An “influential" black firefighter from London who experienced racial abuse at work today calls for others  to “step up and champion equality” as he retires after nearly 30 years.  Michael Nicholas MBE, who this week retired from London Fire Brigade, campaigned for equal rights in the workforce after experiencing “widespread” racism during his career. Hailing Mr Nicholas as the “UK’s most influential black firefighter” in a statement following his retireme...
Society
Would you trust a taxi with no driver? Taxi firm Addison Lee is betting its customers will be ready to, in London at least, in just three years' time. It has joined forces with self-driving software specialist Oxbotica, and says the tie-up means it will offer self-driving taxis in the capital by 2021. The move will pit it against rival ride-hailing app Uber, which is also planning to roll out driverless cars on its network in the future, pending regulatory...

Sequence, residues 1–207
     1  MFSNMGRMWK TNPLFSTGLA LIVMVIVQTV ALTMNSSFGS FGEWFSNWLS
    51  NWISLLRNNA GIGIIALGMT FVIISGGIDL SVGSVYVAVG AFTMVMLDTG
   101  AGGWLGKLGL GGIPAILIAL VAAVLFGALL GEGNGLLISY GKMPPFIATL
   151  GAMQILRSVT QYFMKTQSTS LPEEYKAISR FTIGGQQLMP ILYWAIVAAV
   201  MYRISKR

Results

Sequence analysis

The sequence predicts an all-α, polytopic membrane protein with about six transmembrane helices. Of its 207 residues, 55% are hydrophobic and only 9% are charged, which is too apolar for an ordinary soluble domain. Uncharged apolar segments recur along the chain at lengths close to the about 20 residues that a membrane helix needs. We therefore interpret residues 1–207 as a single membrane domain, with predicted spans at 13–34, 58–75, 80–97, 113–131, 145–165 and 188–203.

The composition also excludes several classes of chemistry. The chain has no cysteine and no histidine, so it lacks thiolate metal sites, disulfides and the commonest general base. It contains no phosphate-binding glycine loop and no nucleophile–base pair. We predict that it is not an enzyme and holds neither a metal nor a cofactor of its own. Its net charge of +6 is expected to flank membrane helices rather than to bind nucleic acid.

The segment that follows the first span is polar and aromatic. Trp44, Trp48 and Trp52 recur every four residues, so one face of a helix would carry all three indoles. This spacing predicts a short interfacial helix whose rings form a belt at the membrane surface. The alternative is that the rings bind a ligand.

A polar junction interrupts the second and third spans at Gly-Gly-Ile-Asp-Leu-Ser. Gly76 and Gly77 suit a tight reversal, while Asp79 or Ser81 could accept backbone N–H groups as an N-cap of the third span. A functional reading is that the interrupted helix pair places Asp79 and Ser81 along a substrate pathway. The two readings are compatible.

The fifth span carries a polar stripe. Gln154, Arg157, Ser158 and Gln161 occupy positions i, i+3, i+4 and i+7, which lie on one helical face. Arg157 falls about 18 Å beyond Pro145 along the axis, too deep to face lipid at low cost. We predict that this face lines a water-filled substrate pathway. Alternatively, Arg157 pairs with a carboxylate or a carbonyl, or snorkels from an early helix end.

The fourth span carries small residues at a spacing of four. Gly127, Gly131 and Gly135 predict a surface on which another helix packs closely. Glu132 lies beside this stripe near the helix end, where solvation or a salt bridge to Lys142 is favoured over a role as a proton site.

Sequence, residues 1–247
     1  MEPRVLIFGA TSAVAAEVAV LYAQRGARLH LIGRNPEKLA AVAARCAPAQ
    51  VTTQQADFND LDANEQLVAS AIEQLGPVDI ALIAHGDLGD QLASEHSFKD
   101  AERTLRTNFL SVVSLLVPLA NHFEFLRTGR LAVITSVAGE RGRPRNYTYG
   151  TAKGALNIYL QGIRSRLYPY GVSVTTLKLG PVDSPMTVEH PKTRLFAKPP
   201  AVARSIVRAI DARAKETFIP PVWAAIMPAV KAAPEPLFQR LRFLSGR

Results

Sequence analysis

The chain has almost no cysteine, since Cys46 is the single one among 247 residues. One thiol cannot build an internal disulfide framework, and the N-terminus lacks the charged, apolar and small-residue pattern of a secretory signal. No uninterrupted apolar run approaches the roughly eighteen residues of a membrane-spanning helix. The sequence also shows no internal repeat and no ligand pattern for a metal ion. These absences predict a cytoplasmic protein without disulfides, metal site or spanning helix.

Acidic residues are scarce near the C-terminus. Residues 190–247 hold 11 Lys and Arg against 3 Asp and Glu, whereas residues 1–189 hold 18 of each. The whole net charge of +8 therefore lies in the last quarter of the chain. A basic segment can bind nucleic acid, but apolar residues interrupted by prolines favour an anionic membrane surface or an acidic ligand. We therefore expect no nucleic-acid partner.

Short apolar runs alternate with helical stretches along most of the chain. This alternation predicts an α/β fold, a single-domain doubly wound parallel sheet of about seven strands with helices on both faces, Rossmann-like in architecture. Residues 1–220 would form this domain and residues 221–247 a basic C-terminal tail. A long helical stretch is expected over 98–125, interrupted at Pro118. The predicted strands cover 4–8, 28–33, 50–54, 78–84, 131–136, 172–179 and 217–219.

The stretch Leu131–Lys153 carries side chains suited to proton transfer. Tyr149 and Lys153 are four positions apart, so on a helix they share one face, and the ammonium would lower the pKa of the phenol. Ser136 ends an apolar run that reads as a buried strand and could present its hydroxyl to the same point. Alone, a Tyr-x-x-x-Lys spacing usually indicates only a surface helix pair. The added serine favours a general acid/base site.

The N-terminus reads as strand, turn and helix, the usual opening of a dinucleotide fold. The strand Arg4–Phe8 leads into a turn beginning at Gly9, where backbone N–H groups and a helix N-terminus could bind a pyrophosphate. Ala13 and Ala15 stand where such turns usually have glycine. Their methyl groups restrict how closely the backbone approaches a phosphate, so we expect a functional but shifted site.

Crime
A senior US military commander has called on the UK to take back Islamic State fighters who have been "caught on the battlefield" in Syria. Maj Gen Patrick Roberson, commander of US special ops, also called on the government to repatriate two Londoners who have been called the "IS Beatles". The UK says El Shafee Elsheikh and Alexanda Kotey have been stripped of their British citizenship. The government is negotiating for them to face trial in the US. Speak...
Society
A woman has died in a suspected gas explosion in north-west London. Her body was found in a first-floor flat destroyed in the blast in Fulbeck Way, Harrow, just before 01:00 BST Sunday. Another woman, a man and a baby were rescued from a second-floor flat, with the woman and child taken to hospital. About 70 firefighters tackled the flames and 40 neighbours were evacuated from their homes. The Met is investigating. The victim, believed to be in her 80s, ha...